Did you know that November is National Adoption Awareness Month? This is a time to celebrate adoption and raise awareness about the importance of adoption.

It’s also a time to discuss adoption’s impact on mental health. According to recent studies, adoptive families are more likely to experience mental health issues than biological families. This can be due to several factors, including the stress of the adoption process itself and difficulties adjusting to life as an adoptive family.

The Effects of Adoption on Mental Health

Approximately 135,000 children are adopted in the United States each year. Every adoption experience is unique. Some children are adopted at birth, while others are adopted later in childhood or adolescence. Some children live with their adoptive families in the same community where they were born, while others are adopted by families living in different states or countries. All of these factors can influence a child’s mental health.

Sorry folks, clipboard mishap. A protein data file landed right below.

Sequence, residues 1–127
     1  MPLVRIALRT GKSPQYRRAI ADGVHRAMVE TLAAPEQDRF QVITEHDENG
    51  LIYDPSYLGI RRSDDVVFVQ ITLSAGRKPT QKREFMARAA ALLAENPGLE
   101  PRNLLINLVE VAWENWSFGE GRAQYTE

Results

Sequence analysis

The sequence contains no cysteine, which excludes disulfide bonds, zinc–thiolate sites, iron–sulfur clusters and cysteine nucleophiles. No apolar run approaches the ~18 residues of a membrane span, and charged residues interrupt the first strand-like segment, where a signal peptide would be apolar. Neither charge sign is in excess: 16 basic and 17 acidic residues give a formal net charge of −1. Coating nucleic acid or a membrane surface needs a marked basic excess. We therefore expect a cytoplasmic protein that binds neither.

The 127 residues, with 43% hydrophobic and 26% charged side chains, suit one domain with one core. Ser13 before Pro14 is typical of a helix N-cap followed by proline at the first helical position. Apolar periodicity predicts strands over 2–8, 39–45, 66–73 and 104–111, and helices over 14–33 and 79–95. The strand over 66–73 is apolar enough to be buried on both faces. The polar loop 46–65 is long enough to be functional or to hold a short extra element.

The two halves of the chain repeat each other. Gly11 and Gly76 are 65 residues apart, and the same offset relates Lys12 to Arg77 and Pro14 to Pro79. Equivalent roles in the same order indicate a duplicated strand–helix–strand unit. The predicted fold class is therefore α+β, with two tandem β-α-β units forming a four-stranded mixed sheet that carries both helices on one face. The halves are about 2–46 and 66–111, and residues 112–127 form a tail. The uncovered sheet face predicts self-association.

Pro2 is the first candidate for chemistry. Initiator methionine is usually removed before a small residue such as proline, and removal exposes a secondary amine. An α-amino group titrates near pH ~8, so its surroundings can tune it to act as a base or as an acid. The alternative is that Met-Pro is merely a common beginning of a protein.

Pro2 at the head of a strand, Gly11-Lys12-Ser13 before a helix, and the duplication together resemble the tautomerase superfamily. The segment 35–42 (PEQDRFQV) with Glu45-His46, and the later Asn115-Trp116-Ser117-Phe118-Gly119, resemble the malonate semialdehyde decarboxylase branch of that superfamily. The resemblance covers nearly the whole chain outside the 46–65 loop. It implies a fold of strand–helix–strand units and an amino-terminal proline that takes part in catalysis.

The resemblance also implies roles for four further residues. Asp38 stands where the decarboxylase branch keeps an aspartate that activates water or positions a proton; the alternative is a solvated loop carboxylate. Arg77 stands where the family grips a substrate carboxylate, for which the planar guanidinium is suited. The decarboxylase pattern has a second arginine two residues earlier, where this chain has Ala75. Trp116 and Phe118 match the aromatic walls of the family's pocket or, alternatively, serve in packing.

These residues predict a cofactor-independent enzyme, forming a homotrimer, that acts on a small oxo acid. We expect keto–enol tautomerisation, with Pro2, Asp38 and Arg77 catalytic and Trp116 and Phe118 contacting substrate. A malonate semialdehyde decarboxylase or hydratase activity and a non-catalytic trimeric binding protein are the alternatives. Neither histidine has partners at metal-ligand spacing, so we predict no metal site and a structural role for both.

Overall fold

Adoption trauma is a reality for a lot of families

Many people don’t realize that adoption trauma is a real thing. Adopted children often go through a lot of emotional turmoil that can have lasting effects into adulthood. If you’re adopted or the parent of an adopted child, it’s important to be aware of the signs and symptoms of adoption trauma. Adoption trauma is a very real thing that can have a lasting impact on adoptees. If you suspect that you or your child is struggling with adoption trauma, don’t hesitate to reach out for professional help. With the right support, you can begin to heal the wounds of your past and build a brighter future.

Even when children are placed with loving, supportive families who can provide them with a sense of stability and security, they can still carry trauma from